Teacher Louise Wilkie, 31, lives near Glasgow with her husband. Knitting has helped her to cope with serious illness. She says:
“Knitting has been my salvation. Two years ago, I was a busy teacher who loved playing classical guitar in an orchestra, competing in a netball team and meeting up with friends.When I first started to feel fluey, in December 2011, I thought I’d picked up a virus but couldn’t shake it off.
Then one day the following January, I collapsed in the staff room and spent three weeks in hospital. Eventually doctors diagnosed ME, the neurological condition also known as chronic fatigue syndrome. With no cure or treatment, they were unable to say if I would ever recover.
After six months off work I returned part-time – only to keel over again this year with endometriosis. Then, while waiting for an operation, my ME came back with a vengeance. It was as if my body was turning on itself.
Lying in bed, wearing an eye mask and wincing with pain, I sank into depression. Then I remembered my mum’s present from the previous Christmas – a knitting kit. I struggled out of bed to fetch it and I began to re-learn simple stitches.
My first wool square had so many dropped stitches that it looked like a mosquito net, but I was thrilled and went on to make a basic teddy bear. That’s holey too, but I treasure it.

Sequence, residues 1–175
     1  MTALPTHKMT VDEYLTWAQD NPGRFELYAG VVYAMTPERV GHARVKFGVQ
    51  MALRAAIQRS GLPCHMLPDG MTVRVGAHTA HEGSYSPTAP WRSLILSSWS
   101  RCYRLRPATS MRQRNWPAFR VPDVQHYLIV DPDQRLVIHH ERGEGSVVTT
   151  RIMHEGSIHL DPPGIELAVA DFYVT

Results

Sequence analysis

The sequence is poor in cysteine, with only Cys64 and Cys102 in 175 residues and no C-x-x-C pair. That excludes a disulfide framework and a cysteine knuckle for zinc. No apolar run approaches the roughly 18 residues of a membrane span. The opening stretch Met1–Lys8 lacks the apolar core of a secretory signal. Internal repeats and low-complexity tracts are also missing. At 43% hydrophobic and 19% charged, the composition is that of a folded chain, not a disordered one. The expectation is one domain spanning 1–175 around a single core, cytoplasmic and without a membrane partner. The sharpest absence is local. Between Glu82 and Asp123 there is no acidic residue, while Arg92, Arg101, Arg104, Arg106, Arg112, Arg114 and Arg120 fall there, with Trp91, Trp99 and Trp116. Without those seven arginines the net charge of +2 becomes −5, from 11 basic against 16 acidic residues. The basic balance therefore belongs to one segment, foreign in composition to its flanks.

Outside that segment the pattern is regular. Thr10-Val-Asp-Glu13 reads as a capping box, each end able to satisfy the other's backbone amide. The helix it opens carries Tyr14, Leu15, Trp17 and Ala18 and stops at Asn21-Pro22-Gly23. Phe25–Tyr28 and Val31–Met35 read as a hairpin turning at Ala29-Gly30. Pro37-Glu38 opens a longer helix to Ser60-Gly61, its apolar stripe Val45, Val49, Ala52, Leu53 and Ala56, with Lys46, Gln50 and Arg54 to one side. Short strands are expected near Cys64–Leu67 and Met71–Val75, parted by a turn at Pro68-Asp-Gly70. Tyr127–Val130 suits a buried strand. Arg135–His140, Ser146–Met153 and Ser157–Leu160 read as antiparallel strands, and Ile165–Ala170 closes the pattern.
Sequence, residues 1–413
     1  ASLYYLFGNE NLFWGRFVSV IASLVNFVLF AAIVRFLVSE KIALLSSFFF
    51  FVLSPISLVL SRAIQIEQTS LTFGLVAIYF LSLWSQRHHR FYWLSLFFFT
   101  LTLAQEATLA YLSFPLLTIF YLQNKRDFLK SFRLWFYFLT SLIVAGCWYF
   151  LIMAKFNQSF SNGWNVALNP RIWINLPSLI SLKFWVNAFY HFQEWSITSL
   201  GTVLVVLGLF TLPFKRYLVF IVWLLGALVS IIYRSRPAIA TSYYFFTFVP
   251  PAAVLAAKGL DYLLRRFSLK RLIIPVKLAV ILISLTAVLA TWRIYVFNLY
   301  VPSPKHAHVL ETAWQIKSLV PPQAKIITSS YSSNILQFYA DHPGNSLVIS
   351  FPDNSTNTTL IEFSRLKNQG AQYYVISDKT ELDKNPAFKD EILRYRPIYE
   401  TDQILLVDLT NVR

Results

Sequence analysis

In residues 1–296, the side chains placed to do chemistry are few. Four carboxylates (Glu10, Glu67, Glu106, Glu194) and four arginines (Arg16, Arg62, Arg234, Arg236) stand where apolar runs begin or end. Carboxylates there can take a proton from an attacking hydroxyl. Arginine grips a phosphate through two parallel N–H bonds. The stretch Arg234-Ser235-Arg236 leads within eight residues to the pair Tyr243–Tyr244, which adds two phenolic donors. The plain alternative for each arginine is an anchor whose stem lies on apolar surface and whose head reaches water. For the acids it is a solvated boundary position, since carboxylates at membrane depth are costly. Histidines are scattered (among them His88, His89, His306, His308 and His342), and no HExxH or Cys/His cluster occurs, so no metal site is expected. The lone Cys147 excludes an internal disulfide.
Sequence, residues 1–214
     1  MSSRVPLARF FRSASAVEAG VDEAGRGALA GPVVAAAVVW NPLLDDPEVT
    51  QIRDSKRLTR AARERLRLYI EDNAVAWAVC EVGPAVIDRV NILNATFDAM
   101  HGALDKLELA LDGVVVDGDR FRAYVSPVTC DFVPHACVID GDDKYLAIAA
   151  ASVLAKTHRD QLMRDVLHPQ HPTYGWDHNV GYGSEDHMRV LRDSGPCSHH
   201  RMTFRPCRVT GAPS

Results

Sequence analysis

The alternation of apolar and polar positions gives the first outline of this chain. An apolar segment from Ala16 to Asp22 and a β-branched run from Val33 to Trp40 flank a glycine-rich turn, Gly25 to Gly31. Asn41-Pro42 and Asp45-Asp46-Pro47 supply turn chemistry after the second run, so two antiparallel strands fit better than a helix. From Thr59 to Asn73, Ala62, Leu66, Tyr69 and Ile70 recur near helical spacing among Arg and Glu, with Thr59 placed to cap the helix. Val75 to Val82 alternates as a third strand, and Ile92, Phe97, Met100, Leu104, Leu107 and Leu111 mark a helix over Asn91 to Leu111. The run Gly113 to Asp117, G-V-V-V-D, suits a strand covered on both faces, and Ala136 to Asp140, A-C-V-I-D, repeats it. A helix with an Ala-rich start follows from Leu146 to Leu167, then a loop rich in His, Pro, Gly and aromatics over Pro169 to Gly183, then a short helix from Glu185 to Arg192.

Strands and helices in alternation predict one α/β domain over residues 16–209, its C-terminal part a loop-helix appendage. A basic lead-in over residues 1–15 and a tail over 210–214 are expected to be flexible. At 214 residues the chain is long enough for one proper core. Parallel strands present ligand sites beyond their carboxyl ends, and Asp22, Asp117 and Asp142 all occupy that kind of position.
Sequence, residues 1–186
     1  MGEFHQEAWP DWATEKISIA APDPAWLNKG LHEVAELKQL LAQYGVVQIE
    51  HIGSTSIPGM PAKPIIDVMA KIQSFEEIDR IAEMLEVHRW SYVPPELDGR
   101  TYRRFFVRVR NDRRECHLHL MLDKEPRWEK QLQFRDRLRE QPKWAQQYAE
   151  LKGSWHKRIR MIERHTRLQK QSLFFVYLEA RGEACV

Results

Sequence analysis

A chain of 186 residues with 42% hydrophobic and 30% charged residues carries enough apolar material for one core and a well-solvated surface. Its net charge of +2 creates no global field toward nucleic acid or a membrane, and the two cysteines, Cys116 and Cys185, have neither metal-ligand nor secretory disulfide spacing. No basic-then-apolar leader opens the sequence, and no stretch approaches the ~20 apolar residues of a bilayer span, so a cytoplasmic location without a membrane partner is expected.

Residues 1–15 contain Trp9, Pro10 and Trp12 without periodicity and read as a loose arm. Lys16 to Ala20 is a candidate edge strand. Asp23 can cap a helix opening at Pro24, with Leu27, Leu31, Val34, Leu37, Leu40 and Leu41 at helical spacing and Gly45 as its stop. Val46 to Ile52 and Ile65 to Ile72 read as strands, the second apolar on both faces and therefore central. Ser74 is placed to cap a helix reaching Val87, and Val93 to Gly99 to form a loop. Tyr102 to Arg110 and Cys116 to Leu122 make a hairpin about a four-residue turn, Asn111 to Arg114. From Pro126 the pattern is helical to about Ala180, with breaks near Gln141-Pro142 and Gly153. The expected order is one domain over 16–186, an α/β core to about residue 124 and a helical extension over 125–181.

Bad days still see me bed-bound and unable even to chew, let alone speak. But most days I still knit. I make little woollen hearts for friends or charity blankets for rescue dogs. I find it incredibly satisfying.
I have even set up the Little School of Wool on Facebook, and I love receiving compliments and ‘likes’. Eventually I’d like to sell my creations to raise funds for ME research.
It has been difficult for my husband David to see me so ill but I’m very hopeful of recovering. My next goal is to walk unaided.
Knitting has helped me to come to terms with my illness and to make the best of a difficult situation. I really appreciate the important things in life now like love, friendship, kindness and – of course – a good yarn.”
This was taken from a feature about knitting that appeared in ‘The Express' Online on Sunday, 29 December 2013. Fiona Duffy interviewed four well-known knitters for a feature under the headline Purls of Wisdom: Meet the great British knitters.